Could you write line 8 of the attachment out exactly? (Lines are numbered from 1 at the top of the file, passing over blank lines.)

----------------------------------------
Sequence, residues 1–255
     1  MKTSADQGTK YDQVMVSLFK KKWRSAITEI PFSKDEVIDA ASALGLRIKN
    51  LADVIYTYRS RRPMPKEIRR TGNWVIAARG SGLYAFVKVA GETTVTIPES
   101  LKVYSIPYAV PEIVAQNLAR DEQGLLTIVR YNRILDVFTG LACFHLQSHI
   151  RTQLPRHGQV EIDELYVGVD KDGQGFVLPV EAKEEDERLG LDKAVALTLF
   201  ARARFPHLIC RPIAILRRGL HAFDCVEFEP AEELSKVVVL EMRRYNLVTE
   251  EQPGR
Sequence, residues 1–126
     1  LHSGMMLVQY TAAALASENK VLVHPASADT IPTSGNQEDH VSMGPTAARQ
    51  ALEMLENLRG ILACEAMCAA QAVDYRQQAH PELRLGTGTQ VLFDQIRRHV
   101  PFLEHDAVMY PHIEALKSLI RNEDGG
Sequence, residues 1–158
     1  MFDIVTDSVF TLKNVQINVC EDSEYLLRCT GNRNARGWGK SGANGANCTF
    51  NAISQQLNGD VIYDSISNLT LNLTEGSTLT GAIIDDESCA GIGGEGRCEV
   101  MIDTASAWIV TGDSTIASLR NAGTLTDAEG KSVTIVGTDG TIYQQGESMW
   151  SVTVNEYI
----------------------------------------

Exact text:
Sequence, residues 1–126